Box jumps can help you dunk a basketball.
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The box jump is a plyometric exercise that builds explosive leg strength. That improved leg strength can help you sprint faster, run farther and jump higher. If you can already dunk a basketball, box jumps can make slamming the ball easier. If you can't quite jump high enough, box jumping may help you add the dunk to your shooting repertoire.
To perform a box jump, all you need is a raised platform -- which doesn't have to literally be a box. You can jump onto the first step of a staircase, or a bench, for example. The higher your platform or box, the more challenging your workout becomes. Stand facing the box, then jump and land on it with both feet. Jump back down immediately. Keep your knees flexed throughout the exercise and swing your arms forward as you ascend. Perform the jumps as quickly as possible.
Muscles and Joints Worked
Box jumps work almost all of your thigh muscles. The exercise targets your hamstrings, but also works your quadriceps, plus the hip adductors and abductors. Box jumps also strengthen the gluteus muscles in your butt and hips, as well as your calf muscles. Your hips and knees extend and your ankles flex when you jump up, while your hips flex when you land.
If you've mastered the standard box jump but still can't dunk the ball, increase the intensity by jumping onto a higher platform, just a few inches short of your maximum vertical jump. To prepare for the jump, spread your feet about shoulder-width apart, bend your knees and hips as if you were squatting and swing your arms back. Jump by thrusting your arms forward and up as you push hard off the floor with your legs. Land on the balls of your feet with your knees flexed, then bend your knees a bit further to absorb the impact.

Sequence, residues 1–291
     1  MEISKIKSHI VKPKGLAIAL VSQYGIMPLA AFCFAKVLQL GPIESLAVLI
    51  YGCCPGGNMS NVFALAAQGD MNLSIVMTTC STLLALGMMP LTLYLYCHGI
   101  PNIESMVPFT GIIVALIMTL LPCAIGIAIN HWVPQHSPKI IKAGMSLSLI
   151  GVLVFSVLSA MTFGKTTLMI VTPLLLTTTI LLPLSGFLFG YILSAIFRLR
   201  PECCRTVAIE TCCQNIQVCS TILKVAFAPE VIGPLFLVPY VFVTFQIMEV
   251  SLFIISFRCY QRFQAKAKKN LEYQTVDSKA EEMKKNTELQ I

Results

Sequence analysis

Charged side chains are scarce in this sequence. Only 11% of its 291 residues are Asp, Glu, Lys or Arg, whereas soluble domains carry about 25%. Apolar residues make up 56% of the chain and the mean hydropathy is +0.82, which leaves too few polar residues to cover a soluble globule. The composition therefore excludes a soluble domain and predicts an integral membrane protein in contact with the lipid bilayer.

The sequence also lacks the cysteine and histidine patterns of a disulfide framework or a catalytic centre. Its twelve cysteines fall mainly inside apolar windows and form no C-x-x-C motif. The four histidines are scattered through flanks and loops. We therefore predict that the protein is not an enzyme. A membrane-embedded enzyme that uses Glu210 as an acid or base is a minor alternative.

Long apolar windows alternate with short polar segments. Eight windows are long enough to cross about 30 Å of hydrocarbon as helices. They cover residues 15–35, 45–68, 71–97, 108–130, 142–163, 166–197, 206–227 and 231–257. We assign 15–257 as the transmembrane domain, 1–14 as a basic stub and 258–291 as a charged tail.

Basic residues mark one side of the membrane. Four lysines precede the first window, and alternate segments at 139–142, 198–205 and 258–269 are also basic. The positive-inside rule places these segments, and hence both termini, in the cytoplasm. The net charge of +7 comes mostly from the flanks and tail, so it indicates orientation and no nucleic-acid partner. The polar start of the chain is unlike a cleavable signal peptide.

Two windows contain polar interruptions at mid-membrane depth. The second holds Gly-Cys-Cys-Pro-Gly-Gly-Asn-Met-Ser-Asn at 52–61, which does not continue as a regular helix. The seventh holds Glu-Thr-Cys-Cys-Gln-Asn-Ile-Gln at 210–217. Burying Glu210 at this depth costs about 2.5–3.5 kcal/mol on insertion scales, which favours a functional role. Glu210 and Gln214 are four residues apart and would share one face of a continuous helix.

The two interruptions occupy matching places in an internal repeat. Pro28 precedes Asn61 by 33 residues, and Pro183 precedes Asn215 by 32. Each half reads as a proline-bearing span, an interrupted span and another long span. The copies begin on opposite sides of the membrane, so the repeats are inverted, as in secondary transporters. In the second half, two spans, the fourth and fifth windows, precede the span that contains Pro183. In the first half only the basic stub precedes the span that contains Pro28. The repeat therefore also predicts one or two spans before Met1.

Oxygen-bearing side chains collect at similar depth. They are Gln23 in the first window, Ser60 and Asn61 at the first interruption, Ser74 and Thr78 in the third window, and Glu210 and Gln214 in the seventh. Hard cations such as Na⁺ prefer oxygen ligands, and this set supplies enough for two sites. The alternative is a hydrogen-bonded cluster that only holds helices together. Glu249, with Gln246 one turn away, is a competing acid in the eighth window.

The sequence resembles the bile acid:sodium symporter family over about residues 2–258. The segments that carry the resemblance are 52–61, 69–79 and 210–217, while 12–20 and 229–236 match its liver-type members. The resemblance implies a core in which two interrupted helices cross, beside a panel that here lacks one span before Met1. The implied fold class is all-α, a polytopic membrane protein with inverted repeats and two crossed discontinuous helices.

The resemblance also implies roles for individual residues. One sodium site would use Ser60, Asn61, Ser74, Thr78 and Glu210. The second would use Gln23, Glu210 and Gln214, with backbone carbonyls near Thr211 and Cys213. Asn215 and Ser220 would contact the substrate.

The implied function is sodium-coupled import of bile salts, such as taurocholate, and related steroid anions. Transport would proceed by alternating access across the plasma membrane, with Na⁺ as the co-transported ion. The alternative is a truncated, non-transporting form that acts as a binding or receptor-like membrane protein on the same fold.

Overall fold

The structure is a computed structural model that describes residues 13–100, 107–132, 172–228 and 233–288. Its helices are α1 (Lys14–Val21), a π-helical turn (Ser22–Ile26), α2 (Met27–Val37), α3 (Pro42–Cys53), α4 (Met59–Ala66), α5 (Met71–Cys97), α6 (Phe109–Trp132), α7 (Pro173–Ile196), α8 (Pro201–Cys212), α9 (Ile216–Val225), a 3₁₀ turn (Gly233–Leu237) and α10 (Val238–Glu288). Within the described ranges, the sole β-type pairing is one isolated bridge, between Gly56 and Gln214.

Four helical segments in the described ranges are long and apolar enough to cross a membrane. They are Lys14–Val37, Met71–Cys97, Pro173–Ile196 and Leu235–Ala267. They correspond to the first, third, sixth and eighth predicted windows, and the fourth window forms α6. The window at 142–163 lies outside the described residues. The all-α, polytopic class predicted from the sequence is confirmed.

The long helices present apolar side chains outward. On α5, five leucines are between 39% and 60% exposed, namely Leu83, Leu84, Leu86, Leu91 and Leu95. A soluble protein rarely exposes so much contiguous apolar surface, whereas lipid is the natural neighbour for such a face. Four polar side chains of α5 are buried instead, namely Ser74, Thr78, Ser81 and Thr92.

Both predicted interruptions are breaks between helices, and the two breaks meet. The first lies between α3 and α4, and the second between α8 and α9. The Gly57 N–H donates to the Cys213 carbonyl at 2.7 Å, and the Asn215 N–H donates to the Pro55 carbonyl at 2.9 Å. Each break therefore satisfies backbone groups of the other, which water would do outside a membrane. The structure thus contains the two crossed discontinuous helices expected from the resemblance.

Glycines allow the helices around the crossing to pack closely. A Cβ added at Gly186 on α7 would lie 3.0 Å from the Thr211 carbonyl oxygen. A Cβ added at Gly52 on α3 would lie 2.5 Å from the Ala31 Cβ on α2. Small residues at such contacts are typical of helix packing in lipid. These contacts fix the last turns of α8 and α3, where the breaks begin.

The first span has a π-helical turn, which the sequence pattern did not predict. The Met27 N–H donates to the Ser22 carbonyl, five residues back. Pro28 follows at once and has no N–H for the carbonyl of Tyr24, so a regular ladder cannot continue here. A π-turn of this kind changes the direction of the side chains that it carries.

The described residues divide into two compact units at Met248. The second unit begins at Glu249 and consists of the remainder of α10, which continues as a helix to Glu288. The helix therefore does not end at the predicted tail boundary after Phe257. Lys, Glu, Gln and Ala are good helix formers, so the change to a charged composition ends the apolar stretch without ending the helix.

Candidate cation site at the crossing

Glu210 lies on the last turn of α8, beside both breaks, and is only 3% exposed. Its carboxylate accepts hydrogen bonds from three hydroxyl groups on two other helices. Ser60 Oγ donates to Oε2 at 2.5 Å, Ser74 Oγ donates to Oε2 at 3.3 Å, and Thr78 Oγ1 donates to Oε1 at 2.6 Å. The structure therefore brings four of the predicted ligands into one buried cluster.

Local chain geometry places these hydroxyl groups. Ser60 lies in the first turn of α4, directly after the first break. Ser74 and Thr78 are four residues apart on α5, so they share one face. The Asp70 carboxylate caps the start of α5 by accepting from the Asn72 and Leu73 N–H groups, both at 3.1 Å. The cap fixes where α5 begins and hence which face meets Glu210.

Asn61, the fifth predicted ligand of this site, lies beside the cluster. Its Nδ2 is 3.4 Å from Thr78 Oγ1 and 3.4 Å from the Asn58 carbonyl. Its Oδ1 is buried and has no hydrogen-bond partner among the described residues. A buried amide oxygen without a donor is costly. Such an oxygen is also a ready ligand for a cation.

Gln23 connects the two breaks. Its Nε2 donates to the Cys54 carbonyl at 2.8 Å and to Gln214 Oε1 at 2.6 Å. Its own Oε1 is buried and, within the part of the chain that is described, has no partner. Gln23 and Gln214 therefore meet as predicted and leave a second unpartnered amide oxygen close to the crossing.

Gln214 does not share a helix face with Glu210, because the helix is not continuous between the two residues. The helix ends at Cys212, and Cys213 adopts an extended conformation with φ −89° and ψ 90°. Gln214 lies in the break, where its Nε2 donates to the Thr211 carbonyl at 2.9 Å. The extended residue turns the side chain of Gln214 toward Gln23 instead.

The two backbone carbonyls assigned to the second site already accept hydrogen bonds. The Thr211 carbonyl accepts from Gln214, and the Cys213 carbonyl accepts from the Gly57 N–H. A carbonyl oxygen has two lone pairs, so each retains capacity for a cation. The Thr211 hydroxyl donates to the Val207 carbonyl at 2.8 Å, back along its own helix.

Dunking the ball through a 10-foot hoop requires a certain amount of height. If you're 5-feet tall, for example, you won't be able to dunk the ball, no matter how many box jumps you perform. Talk to your doctor before starting a box-jumping routine, particularly if you've been inactive or have health concerns. Stop doing box jumps if you feel pain. Warm up with five to 10 minutes of light aerobic exercise before doing box jumps. Follow with some dynamic stretches, such as walking lunges, leg kicks, walking with high knees or running butt kicks.